Guest Columnists

An alternative to health insurance

Each month my wife and I send approximately $1,600 to Wellmark to pay our health insurance premiums. I am grateful we have the capacity to do that when many do not. Here is an alternative I wish was available:

As consolidations occur in hospitals and clinics, it seems that we will eventually end up with only three primary care providers in the state, the Mercy system, the Unity Point system and the University of Iowa Hospitals and Clinics. Rather than paying insurance premiums and then my provider billing Wellmark, I would prefer to approach my provider directly and negotiate a monthly payment to them for taking care of all of my health care needs. That way I could give them the money and avoid the middleman (the insurance company).

Doing it this way has the distinct advantage of putting all the incentives in the right place. My provider makes money when I stay well so that’s where they place their efforts. That should work to keep costs down overall.

It increases competition because in addition to the option of buying insurance, I could approach any of the providers and ask them how much they would charge me.

It gives me freedom to choose whatever provider I want and not be limited by my insurance plan. If I don’t like my provider I simply move to another one.

There would have to be some rules. The law would have to prevent providers from denying me coverage or rating my premiums based upon pre-existing health conditions. To prevent people from simply buying the insurance when they got sick, there would need to be a rule that there would be no benefits for six months (or some other appropriate period of time) after initiation of the policy other than routine wellness care.

There should be a rule that an individual like me would get the same rate offered to a big company that would potentially bring hundreds of employees to a provider. It’s not fair for me to suffer because I do not have the negotiating power of bringing tens of thousands of dollars to the provider each month.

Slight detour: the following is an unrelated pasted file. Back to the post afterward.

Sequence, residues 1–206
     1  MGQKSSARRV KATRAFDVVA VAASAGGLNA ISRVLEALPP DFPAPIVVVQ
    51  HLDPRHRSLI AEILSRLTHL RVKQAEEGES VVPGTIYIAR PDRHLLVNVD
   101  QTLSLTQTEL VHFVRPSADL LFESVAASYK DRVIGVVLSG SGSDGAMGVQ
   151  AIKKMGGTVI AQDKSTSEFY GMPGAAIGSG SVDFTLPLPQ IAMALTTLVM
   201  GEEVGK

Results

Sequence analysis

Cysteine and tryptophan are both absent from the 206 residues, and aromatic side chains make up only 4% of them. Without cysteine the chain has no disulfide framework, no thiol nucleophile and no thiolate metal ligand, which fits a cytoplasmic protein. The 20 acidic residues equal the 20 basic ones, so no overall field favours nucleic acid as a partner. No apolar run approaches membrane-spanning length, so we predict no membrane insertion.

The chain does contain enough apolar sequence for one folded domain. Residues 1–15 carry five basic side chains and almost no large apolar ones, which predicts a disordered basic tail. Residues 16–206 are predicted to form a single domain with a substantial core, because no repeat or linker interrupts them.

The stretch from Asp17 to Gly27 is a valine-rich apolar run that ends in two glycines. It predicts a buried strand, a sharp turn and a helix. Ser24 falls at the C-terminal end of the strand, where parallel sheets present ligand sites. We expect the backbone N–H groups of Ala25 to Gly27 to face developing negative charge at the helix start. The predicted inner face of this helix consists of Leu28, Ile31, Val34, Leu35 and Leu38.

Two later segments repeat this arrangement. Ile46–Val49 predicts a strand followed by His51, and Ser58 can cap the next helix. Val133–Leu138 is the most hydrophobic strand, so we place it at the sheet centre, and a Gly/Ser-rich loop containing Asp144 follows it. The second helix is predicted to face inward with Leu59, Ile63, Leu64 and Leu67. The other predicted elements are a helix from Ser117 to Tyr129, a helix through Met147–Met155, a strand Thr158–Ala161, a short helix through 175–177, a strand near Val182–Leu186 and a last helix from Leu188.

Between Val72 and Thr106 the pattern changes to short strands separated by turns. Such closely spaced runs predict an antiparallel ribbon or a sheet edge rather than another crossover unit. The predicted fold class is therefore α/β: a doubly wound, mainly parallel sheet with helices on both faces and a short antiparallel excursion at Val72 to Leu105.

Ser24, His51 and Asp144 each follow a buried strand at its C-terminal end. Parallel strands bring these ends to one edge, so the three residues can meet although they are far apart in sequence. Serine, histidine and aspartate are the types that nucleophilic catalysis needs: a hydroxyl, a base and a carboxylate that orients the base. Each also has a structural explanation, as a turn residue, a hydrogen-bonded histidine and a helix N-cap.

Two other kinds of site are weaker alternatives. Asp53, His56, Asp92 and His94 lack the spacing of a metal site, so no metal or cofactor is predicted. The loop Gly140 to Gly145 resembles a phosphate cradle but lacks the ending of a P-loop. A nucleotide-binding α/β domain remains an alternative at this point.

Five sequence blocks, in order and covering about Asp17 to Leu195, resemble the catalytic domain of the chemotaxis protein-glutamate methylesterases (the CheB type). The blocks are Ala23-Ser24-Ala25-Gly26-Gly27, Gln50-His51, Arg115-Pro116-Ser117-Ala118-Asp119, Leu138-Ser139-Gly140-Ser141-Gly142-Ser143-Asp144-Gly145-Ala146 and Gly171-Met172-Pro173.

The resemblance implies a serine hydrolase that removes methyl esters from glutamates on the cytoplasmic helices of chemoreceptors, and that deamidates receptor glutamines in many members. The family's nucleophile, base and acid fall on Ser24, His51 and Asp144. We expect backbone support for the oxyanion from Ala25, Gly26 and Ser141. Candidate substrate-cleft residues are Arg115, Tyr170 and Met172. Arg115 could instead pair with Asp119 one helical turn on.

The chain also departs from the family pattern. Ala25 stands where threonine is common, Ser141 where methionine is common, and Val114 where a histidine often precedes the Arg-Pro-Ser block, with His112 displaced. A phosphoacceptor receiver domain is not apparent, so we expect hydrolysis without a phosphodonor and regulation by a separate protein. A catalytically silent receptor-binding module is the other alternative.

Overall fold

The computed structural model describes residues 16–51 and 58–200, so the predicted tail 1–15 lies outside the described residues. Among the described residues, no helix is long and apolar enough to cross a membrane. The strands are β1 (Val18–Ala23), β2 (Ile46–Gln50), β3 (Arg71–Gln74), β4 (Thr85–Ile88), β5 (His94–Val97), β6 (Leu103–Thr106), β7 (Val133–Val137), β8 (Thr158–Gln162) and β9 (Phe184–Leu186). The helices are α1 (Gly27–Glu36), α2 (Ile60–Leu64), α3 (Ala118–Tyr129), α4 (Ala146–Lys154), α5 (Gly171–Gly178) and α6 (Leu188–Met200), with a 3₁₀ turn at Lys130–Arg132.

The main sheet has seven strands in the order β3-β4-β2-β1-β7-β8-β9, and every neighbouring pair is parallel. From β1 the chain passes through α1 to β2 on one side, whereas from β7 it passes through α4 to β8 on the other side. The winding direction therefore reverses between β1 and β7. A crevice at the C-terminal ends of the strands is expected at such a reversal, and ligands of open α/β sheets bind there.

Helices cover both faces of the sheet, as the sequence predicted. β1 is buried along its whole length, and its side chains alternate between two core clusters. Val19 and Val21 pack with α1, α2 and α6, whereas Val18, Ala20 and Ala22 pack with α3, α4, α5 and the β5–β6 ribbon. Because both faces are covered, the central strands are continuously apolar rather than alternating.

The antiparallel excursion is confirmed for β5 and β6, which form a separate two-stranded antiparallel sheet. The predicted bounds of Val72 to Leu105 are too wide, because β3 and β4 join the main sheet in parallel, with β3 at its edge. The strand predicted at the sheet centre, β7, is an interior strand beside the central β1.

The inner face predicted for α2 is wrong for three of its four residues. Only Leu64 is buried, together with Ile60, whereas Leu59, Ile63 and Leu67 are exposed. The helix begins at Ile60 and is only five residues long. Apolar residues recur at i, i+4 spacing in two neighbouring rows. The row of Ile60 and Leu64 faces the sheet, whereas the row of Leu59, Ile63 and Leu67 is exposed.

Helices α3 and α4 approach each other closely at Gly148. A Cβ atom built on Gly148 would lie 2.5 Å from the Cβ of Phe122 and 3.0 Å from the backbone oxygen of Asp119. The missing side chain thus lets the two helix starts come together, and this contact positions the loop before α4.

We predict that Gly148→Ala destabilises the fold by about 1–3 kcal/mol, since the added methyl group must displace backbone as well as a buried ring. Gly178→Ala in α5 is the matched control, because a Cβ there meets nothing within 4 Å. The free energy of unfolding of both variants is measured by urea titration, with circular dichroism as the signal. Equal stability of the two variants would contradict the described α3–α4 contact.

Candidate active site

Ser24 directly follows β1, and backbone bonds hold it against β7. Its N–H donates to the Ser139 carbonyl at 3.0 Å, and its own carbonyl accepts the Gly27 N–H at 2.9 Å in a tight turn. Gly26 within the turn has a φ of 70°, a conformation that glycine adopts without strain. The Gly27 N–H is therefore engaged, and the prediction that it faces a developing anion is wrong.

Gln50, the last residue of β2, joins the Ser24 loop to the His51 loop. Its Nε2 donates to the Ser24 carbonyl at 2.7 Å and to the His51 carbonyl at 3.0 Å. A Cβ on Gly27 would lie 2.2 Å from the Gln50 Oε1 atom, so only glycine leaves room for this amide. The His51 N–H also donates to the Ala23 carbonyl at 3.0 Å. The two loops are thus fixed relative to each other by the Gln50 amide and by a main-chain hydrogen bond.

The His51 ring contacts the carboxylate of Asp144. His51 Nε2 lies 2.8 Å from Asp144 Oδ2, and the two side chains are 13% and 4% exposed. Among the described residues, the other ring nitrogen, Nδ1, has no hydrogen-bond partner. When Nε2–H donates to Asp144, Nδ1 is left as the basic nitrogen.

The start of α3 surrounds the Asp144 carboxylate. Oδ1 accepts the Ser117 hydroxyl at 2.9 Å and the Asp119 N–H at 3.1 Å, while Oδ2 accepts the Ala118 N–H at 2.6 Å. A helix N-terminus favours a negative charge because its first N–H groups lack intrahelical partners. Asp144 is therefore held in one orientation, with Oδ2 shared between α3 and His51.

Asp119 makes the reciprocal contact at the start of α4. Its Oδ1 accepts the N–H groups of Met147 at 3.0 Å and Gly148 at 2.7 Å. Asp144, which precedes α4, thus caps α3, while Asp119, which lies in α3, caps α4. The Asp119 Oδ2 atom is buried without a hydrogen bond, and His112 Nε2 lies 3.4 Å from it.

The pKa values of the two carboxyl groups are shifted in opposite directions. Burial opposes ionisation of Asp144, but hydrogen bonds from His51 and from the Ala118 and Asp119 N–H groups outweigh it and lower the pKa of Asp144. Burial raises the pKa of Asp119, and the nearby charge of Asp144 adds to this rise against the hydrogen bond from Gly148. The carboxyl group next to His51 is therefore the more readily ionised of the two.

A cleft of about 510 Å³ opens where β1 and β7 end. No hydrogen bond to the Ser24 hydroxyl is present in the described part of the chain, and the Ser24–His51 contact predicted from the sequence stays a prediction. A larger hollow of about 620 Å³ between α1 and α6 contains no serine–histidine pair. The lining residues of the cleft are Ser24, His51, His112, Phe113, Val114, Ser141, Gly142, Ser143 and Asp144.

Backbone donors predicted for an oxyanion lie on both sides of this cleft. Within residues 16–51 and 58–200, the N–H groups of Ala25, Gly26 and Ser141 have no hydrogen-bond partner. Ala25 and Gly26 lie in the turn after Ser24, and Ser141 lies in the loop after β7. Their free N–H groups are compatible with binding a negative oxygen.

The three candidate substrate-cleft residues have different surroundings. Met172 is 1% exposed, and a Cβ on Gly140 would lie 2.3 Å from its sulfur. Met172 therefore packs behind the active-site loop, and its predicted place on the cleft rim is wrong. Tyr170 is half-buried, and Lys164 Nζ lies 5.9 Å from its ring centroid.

To avoid overutilization, everybody should have a copay. This should apply to everybody, including Medicaid and Medicare recipients.

Finally, it would be more efficient to authorize those same providers to distribute prescription drugs. That’s the way they do it many places overseas, and it seems to work better than what we have now.

There would be some advantages to the government as well. Instead of having the crazy system we have now for Medicaid reimbursement, why not simply allow a Medicaid recipient to designate which provider they choose and have the state simply pay a monthly fee to that provider? The same idea could work for Medicare if the federal government would buy into this. For people who have Medicare with a supplement, they would simply choose their provider and pay the cost of the supplement directly to the provider instead of to an insurer.

But what about catastrophic losses? Suppose I actually entered into an agreement with a relatively small hospital, but then I get brain cancer and have a multimillion dollar loss (huge medical expenses)? This is where perhaps the state can and should be involved. The concept of reinsurance has been around in the property/casualty insurance business for well over 100 years. I don’t see any reason why that same concept of reinsurance couldn’t be applied to the health insurance system. That small hospital that I have contracted with could simply use a part of what I pay them to buy reinsurance for catastrophic losses so that a small hospital having a half a dozen very sick patients would not have to go bankrupt.

My idea is not to eliminate health insurance, just to offer an alternative. It really is competition at a whole new level.

• Steve Kenkel is a lawyer in Toledo who has grown to appreciate life in his small town.

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